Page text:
The extraordinary benefits of trying new things
This is something that one has to start in toddlerhood. There are many two and three year olds who would happily eat Goldfish and Chicken McNuggets only. Sometimes we parents give in but it isn’t really good for the child.
While finding food that fits the idea of edible for a small child feels like a gargantuan chore it’s necessary. Vitamins, minerals, proteins and other building blocks for a strong, healthy body do not lie in one, two or even three foods. So she doesn’t like bananas? Try an apple. He can’t stand rice? Try pasta. This does not change as we grow older. Think about it. How varied is your diet? When was the last time you tried anything new? How many foods on the “I won’t eat it”list are on yours? Trying new things leads to liking new things.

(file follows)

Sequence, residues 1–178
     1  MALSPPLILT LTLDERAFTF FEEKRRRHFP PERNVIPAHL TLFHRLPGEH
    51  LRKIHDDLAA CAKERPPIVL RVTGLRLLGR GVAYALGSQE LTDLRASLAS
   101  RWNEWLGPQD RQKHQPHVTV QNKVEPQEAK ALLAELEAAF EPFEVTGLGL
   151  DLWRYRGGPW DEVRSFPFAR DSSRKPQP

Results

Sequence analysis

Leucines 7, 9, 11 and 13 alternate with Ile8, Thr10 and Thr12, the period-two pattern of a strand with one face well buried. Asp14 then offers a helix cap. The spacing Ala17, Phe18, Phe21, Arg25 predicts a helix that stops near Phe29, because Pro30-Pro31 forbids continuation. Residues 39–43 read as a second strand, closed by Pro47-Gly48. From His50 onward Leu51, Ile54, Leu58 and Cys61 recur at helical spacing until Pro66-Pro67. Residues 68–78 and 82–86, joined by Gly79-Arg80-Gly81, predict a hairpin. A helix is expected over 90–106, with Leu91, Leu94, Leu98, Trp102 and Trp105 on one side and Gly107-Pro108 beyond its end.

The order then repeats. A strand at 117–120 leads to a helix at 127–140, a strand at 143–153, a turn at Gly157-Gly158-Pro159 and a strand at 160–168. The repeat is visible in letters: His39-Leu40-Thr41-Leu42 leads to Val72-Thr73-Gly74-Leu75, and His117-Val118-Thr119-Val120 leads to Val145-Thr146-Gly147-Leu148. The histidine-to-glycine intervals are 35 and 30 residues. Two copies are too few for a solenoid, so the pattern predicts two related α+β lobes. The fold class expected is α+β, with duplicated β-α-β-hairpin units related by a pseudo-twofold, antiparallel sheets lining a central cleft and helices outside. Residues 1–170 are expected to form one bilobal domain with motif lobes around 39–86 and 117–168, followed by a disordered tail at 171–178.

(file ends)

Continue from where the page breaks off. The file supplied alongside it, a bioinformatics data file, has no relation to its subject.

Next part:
Introducing a toddler to sand or grass for the first time is an exercise in wonder. They will feel it, smell it and probably even taste it. We smile indulgently but when was the last time we tried to do something new? It doesn’t have to be all that challenging. For some taking a parachute dive would be ideal. Some of the rest of us are so afraid of heights we wouldn’t get out of a perfectly good airplane unless it was on fire and in danger of crashing. That needn’t stop us. Start small; maybe go to a new restaurant or visit a new city. Why are these things important? We need to keep learning and doing in order to grow. So you tried escargot once and it was horrible. You learned something and it shouldn’t stop you for sampling calamari. You went camping. Maybe there weren’t outlets in the bathroom but those squirrels were sure cute, weren’t they?